Cord Cutting Guides, News, and Reviews
IPVanish vs ExpressVPN
April 8, 2021
Do you know that meme with two identical versions of Spider-Man pointing at one another? Sometimes, comparing VPNs can feel like that: you may have trouble figuring out which is which! Luckily, we won’t have that issue today as we look at IPVanish vs. ExpressVPN. While some VPNs feel like twin Spider-Mans, these two feel as different as Batman and Aquaman. Today, we’re going to run down how each performs in various categories, then tell you who does what better. By the time you reach the end of this piece, you should have a clear idea of which VPN provider will meet your needs the best.
Two of the most important things about a VPN service are its server count and its support for streaming services like Netflix.
IPVanish, sadly, doesn’t perform all that well in these departments. Roughly 1,700 servers in 55 countries is nothing to sneeze at, but it definitely doesn’t hold a candle to what ExpressVPN has available. And if you want to stream content remotely using IPVanish, you might want to reconsider your options. In our IPVanish review, we couldn’t get Netflix to work as reliably as we wanted. Other services, such as Amazon Prime Video and Disney+, didn’t work at all. That’s something to keep in mind if servers and streaming are important to you.
Over on the ExpressVPN side, however, you’ll probably be pretty happy with what you get. ExpressVPN has about 3,000 servers located in 94 countries around the world. If you want a server in a specific region, the odds are good that you’ll find it. And streaming services like Netflix and Amazon Prime Video work like a charm with ExpressVPN. The company does a good enough job getting by any blockades a streaming service might try to throw up. You’ll rarely encounter an issue while trying to view the content you’re interested in.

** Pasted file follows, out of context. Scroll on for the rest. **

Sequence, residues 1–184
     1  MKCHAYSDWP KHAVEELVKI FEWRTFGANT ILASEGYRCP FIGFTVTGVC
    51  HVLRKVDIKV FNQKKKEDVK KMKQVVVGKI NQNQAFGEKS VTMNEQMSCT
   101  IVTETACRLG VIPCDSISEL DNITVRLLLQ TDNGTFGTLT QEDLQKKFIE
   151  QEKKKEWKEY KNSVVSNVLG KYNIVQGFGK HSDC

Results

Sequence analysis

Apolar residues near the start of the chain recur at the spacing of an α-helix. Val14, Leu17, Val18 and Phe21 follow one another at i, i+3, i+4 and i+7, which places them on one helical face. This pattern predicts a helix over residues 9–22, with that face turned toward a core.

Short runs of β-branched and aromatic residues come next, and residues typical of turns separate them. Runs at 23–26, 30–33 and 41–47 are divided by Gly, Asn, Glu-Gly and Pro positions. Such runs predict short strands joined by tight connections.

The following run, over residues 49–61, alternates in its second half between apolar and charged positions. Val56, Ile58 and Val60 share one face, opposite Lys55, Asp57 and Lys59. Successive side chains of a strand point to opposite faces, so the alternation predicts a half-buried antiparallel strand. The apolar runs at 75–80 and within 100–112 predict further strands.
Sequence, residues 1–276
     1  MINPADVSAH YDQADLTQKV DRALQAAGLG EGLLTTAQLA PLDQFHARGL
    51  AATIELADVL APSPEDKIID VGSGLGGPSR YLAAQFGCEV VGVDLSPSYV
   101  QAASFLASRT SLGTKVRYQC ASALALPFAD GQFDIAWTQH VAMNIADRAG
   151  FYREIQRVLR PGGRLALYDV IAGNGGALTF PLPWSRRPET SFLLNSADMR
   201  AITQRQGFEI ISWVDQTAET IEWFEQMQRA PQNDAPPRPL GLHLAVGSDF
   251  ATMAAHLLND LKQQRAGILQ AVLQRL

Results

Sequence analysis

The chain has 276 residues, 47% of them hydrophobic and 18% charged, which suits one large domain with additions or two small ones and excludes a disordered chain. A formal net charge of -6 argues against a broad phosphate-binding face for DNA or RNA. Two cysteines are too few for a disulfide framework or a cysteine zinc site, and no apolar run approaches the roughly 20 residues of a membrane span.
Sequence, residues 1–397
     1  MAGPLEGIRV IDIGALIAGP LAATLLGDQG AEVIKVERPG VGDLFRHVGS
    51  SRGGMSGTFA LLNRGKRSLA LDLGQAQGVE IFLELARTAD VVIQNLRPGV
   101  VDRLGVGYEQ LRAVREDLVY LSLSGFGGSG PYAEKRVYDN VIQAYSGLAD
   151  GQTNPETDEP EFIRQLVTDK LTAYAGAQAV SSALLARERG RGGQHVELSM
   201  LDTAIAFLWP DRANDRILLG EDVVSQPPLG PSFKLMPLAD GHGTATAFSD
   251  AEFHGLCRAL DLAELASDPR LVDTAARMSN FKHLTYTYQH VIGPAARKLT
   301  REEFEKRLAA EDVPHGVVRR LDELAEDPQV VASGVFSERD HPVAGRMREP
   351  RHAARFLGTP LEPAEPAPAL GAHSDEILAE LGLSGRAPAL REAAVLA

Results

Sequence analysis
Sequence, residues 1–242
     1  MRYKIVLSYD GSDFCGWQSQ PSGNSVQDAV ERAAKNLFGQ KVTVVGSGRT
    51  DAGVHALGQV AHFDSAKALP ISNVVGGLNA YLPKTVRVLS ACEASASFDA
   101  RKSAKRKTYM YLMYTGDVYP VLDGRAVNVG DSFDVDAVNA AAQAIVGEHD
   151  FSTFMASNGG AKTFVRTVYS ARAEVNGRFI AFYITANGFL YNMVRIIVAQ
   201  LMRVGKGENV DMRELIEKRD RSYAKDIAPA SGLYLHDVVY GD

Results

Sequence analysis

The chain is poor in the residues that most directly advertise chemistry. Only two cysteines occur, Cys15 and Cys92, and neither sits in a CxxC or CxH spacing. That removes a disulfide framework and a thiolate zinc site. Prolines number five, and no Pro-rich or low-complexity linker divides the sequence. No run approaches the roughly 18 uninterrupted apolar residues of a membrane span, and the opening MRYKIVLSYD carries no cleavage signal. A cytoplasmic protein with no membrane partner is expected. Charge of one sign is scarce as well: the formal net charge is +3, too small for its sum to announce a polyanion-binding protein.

Security is at the core of what a VPN is supposed to do. Above all else, VPNs are about protecting you online, encrypting your internet traffic so that your personal data stays safe.
IPVanish has five different protocols available for use: IKEv2, OpenVPN, L2TP, IPsec, and PPTP. Unfortunately, things aren’t all that consistent across platforms. IPSEC is dropped on Windows, and PPTP is available on nothing but Windows. Strange, indeed.
We also don’t love the fact that IPVanish is located in the United States. Though the service does claim to have a no-logs policy, the U.S. is part of the Five Eyes alliance, giving the country’s government the power to seize information from VPN services.
ExpressVPN, meanwhile, supports multiple security protocols across all of its platforms. Those protocols include OpenVPN, IKEv2, WireGuard, and SSTP. Regardless of which platform you’re on, ExpressVPN does a better job keeping your VPN experience the same.
Another point goes to ExpressVPN for where it is based. ExpressVPN is headquartered in the British Virgin Islands. While it also has a no-logs policy just as IPVanish does, the British Virgin Islands are free of data retention laws and have no data-sharing agreements with other countries. If you’re concerned about prying government eyes, that is much better news for you.
VPNs encrypt and reroute internet traffic, and that process can cost you some internet speed. But how much a VPN will slow you down can vary between brands, and in the battle of IPVanish vs. ExpressVPN, this is another area where these two services come out on different ends of the spectrum.